Swingle Singers give Bee Gees, Bach the a cappella treatment

The Swingle Singers, the London-based octet that performs everything from Bach’s fugues to the Bee G
The Swingle Singers
The Swingle Singers

SCHENECTADY — Imagine Tchaikovsky’s “1812 Overture” without the cannon, Bach without the harpsichord or a Beethoven symphony without strings. Or hearing any serious music without instruments.

If you can, then you must be thinking of the Swingle Singers, the London-based octet that performs everything from Bach’s fugues to the Bee Gees’ “Staying Alive” with only their voices. The group, which has been turning classical melodies into a cappella songs for 45 years, will be promoting its newest album, “Beauty and the Beatbox,” with a tour of the United States.

On its first stop, at Proctors on Saturday night, the ensemble will handily intone the rhythms and harmonies of its vast repertory — including Henry Purcell’s “Dido’s Lament”; Ravel’s “Bolero”; Count Basie’s “It’s Sand, Man”; and Nat King Cole’s “Straighten Up and Fly Right.”

This eclectic playlist is one of the reason bassist Tobias Hug joined the Swingle Singers in 2001. “I always loved crossover,” said Hug. “Pop, big band, classical, jazz, Latin.”

First hearing

However, he did not conceive of a vocal orchestra until he saw the Swingles a decade ago. “The first time I heard them, I was thrilled; my jaw just dropped.”

Swingle Singers

WHERE: Proctors, 432 State St., Schenectady

WHEN: 8 p.m. Saturday

HOW MUCH: $35, $30 and $25

MORE INFO: 346-6204 or www.proctors.org

Now, he looks forward to dooing and dahing in the Swingles’ interpretation of the theme from “Starsky and Hutch.”

“It’s contemporary and funky,” said Hug, who hails from Germany. “But I think my favorite moment in the show is Bach. He has some great bass lines.”

He refers to “Bachbeat,” an inventive interpretation of the composer’s spirited “Badinerie.” It’s just one of many Bach works in the Swingles’ playbook. The group’s first album, in 1963, titled “Bach’s Greatest Hits,” won a Grammy Award for Best New Artist. The group won another Grammy with its follow-up album, “Jazz Sebastian Bach.” Ward Swingle, founder of the singers, explained how Bach formed the backbone of the group.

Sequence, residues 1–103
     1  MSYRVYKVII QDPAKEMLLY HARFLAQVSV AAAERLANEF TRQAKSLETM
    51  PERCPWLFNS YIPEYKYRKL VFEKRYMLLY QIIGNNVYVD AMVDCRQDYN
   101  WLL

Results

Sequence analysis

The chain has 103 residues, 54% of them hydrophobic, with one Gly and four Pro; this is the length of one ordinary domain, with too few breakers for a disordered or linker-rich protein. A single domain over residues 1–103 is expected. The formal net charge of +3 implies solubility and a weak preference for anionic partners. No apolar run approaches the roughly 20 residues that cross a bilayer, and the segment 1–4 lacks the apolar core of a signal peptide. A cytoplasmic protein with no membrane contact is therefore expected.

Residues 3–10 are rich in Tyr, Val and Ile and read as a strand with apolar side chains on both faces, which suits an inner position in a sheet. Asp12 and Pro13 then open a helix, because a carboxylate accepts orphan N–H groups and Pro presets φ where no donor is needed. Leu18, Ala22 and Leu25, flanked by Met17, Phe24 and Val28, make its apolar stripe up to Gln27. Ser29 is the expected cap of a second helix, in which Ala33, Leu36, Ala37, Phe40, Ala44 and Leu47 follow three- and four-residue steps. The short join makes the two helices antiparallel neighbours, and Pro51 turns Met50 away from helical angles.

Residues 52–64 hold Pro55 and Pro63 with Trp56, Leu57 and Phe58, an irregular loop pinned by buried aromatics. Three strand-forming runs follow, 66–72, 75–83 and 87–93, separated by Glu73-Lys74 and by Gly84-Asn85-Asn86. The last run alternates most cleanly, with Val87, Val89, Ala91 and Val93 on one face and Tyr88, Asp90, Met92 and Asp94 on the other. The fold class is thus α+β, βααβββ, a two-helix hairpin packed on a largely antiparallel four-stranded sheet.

“I got out Bach’s ‘Well-Tempered Clavichord’ and we began reading through the preludes and fugues just to see if they were singable,” wrote Swingle in his biography. “We soon found, like many before us, that we were swinging Bach’s music quite naturally. Since there were no words, we improvised a kind of scat singing a la Louis Armstrong, which we later reduced to simple doos and boos, dahs and bahs so as not to get in the way of Bach’s counterpoint. We took advantage of two characteristics common to both jazz and baroque music: rhythm and improvisation.”

Hug said the union between the Swingles and Bach is natural because “his music is formal, but there is room for improvisation. I think if Bach were alive today, he’d be a jazz musician.”

Of course, some music buffs feel this is a travesty. One critic noted that “It sounds like one of those novelty records that try to make their mark with funny noises. That grinding noise you hear is Bach turning in his grave.”

But others, like Ivan Hewitt of London’s The Telegraph, has written “The Swingle Singers pitched those mysteriously lovely chords with laser-like precision. . . . On a purely musical level, its performance was a triumph.”

With eight singers, as opposed to the four to six that make up most a cappella groups, the Swingle Singers attain a polyphonic scope that is richer and deeper. It’s also easier to divide up and arrange the instrumental lines.

Tailored scores

No matter the style, classical, jazz or pop, all of the music is carefully crafted for the voice. Hug said the music is rescored to the singers’ ranges and strengths. As bassists, Hug and Kevin Fox act as the percussion. The pairs of altos, tenors and sopranos then layer their rhythms with melody or harmony.

“We transcribe the music to where we are comfortable,” said Hug.

The producers added some formal wear — gowns for the women and tuxes for the men — along with some simple choreographed steps. The package makes for a polished concert.

Hug, who performed with nearly 60 choirs including Jazzchor Frieburg and SiX before joining the Swingles, said performing with this group is richly satisfying as he is continually called on to present an impressive display of vocal gymnastics.

“I hope we inspire people to sing, Bach or jazz,” said Hug.

“We want to touch, entertain, uplift. We’ve been working hard to put on this show. I think it is like nothing anyone has ever heard before.”

Categories: Life and Arts

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